Energy Security Co-operation in Latin America

by Dr. Aprajita Kashyap - 1 August, 2020, 12:00 2702 Views 0 Comment

Projections by the United Nations Department of Economic and Social Affairs state that by 2030 the Latin American and Caribbean (LAC) region’s population will increase to approximately 721 million which would produce a corresponding growth in demand for energy while ensuring conditions for sustainable development (IAEA 2020). The growth in energy demand amid energy security concerns and trepidations for minimising impacts on climate have made them rethink their energy policy. LAC countries face analogous concerns related to energy resource supply and security like high price and high import costs, climate change mitigation pressures, appropriate energy-mix adoption and efficient resource management. The irony has been that most countries regardless of abundant reserves of energy resources have been unable to guarantee adequate energy security levels to their citizens. It is notable that regional disparities in the availability of energy resources even while posing challenges, provide unique opportunities for coordination and collaboration.  The security of energy supply is the fundamental concern for which regional energy cooperation could be the most effective counterbalance. The benefits that may accrue from the process of regional energy integration are high but national regulations and economic policies become stumbling blocks to such efforts.

Institutionalising the Cooperation

Regional Power System Integration (RPSI) which outlines the framework and necessary strategy to help provide reliable, assured and affordable electricity to the developing economies and their citizens has been indirectly instrumental in facilitating cooperation through the creation of Central America Regional Electricity Market (MER) among six Central American countries, viz., Costa Rica, El Salvador, Guatemala, Honduras, Nicaragua and Panama (GICA 2011). Furthermore, a Multilateral Energy Security Reserve treaty can give countries access to the region’s reserve supplies by providing regulations and pricing mechanisms to facilitate such efforts. Increased cooperation and trade in energy sources between countries can enhance energy security, bring economies-of-scale in investments, facilitate financing, augment renewable energy dissemination and allow synergy in complementary resource sharing. Based on these intents, the Latin American Energy Organization (OLADE) was created way back in 1973 with the fundamental objective of promoting the integration, conservation, rational use, commercialisation and optimal utilisation of the region’s energy resources.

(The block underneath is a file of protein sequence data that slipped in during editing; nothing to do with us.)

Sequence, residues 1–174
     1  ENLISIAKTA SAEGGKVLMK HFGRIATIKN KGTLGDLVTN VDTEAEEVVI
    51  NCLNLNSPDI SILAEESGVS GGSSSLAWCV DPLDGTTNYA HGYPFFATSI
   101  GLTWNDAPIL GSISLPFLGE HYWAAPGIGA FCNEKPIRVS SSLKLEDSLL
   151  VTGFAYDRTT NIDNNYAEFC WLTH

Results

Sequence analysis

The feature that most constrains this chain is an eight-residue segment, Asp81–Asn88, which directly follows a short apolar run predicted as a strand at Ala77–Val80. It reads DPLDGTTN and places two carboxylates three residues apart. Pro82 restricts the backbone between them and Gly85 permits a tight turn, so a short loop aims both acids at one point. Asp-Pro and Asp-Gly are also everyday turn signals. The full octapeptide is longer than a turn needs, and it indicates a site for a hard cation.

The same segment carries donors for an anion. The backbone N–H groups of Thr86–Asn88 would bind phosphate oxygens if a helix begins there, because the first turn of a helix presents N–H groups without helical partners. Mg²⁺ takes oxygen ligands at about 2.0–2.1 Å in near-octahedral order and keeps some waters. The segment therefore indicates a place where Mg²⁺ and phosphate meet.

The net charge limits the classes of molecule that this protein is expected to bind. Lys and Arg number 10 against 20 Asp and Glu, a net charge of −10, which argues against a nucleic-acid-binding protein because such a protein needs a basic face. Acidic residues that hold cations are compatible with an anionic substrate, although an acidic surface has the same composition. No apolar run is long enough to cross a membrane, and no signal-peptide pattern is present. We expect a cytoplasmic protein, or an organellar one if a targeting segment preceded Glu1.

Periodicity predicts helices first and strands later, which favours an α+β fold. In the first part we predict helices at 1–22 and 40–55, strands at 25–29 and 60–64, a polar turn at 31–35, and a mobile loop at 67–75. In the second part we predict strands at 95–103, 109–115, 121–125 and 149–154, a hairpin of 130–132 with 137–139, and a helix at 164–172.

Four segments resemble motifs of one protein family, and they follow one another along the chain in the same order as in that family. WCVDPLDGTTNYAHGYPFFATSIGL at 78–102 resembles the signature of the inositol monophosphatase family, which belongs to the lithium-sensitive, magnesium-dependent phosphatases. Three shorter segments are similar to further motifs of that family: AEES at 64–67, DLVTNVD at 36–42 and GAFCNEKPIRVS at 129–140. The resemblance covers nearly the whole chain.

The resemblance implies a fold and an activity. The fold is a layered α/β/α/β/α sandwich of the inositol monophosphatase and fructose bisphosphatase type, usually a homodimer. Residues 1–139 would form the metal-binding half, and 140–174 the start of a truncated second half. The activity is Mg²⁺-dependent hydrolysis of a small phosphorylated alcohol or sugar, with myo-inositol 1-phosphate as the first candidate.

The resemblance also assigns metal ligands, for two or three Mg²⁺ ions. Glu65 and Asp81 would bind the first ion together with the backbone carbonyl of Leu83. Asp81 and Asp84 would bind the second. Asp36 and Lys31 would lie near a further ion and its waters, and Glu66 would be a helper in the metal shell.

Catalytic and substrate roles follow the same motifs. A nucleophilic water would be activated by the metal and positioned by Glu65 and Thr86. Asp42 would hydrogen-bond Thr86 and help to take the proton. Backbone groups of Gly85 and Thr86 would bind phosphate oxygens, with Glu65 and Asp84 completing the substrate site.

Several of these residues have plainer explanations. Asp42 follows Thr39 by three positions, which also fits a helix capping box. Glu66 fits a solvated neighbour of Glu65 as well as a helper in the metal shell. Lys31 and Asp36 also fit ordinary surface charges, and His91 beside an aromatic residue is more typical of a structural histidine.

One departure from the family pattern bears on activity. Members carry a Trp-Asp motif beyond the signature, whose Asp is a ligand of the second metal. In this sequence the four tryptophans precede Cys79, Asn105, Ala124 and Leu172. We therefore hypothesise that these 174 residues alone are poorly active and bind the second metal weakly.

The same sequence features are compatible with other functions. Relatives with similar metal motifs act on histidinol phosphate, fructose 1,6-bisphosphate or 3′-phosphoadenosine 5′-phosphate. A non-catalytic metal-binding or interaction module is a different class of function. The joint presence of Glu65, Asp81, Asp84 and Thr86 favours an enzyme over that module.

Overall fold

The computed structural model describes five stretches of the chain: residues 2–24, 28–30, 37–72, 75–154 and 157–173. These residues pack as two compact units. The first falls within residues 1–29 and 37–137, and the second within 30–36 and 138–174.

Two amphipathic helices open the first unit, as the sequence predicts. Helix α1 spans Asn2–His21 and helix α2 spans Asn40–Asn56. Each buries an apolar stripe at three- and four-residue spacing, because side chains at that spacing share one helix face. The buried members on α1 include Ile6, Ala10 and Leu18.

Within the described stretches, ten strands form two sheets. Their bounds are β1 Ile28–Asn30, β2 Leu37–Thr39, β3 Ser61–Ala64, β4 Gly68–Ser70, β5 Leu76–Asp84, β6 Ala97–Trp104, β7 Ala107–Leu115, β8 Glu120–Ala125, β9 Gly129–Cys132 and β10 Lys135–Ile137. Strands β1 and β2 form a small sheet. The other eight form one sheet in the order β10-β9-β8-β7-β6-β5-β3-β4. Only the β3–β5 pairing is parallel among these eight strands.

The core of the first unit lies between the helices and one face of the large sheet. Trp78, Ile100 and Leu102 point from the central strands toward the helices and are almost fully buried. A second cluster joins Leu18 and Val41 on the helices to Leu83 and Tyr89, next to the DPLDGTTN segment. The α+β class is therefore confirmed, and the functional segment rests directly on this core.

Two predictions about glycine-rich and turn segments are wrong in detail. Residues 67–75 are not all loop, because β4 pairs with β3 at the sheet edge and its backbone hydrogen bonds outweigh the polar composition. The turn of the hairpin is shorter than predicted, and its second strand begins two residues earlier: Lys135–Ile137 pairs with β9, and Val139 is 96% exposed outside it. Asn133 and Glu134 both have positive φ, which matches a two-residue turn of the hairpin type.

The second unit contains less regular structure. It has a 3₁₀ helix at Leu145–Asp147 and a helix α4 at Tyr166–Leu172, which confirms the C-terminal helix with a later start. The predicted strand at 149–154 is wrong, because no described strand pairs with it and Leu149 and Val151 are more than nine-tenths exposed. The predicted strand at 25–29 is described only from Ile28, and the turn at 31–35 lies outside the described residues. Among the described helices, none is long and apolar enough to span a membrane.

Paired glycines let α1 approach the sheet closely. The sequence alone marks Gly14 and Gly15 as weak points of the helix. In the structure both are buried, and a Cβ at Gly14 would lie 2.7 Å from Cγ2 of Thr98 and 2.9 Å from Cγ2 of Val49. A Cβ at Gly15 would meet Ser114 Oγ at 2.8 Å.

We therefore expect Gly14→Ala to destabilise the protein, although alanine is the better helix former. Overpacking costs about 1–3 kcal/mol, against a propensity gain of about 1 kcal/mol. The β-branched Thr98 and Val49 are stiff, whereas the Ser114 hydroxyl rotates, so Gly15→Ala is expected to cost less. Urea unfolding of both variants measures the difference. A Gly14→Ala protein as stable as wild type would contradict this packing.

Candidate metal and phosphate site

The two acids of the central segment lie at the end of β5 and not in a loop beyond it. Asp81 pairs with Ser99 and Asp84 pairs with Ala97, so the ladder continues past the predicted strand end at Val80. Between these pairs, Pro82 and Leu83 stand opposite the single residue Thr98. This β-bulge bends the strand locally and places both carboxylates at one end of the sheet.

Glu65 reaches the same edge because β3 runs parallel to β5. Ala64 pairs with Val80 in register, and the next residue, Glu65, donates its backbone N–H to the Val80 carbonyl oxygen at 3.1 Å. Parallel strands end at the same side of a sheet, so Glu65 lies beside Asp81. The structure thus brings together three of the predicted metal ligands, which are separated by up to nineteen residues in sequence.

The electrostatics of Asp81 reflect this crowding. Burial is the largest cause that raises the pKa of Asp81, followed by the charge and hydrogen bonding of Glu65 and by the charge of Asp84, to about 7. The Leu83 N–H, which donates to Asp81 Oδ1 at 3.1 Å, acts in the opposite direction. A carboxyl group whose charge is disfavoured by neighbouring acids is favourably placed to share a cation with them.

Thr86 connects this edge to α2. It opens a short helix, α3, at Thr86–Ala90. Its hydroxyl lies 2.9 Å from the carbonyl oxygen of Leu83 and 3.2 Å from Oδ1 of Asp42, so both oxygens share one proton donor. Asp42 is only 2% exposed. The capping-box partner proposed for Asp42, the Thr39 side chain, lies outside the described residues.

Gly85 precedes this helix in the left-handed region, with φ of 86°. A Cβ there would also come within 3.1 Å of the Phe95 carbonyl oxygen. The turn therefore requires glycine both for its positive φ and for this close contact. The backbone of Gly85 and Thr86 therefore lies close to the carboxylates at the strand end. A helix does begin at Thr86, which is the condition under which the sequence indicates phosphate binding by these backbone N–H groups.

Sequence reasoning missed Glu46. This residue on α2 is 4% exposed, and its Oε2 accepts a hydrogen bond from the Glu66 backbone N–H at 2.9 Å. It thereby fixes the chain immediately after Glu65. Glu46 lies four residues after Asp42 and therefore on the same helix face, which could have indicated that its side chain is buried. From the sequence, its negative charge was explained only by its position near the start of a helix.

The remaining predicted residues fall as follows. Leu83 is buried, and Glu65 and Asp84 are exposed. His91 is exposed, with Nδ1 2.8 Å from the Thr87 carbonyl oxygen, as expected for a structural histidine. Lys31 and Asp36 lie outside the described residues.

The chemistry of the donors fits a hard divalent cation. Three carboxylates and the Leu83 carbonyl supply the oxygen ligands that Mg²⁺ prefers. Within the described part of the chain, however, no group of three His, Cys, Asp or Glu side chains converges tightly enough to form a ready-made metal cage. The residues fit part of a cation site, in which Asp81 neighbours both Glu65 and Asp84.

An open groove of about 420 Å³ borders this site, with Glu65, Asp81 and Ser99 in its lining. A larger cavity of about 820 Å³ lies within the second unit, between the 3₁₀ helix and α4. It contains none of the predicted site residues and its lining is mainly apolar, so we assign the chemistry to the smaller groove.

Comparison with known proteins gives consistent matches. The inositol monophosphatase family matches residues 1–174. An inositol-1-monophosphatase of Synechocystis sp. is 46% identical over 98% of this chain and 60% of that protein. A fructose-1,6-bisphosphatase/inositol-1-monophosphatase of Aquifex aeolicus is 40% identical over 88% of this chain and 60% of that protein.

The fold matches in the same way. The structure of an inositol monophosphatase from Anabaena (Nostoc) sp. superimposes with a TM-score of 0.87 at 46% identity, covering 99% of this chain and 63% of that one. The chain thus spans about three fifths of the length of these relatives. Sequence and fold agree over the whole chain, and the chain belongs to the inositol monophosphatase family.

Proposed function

Another method of interconnections and co-operations among countries could be linking the power grids that have been witnessed through SIEPAC (Central American Electrical Interconnection System), an interconnection of the power grids of six Central American countries. Other inter-connections linking fuel supply lines include the Yabog (Bolivia-Argentina) Pipeline, 1972; GasAndes Pipeline (Argentina-Chile), 1997 and GasBol Pipeline (Bolivia-Brazil), 1997-1999 (Mares 2004).  The Petro Caribe programme, initiated by Venezuela had the aim of providing Venezuelan oil to the member countries at highly concessionary terms. Initiative for the Integration of Regional Infrastructure in South America (IIRSA) was launched in 2000 to integrate highway networks, riverways, hydroelectric dams and telecommunications links throughout the continent, particularly in remote, isolated regions.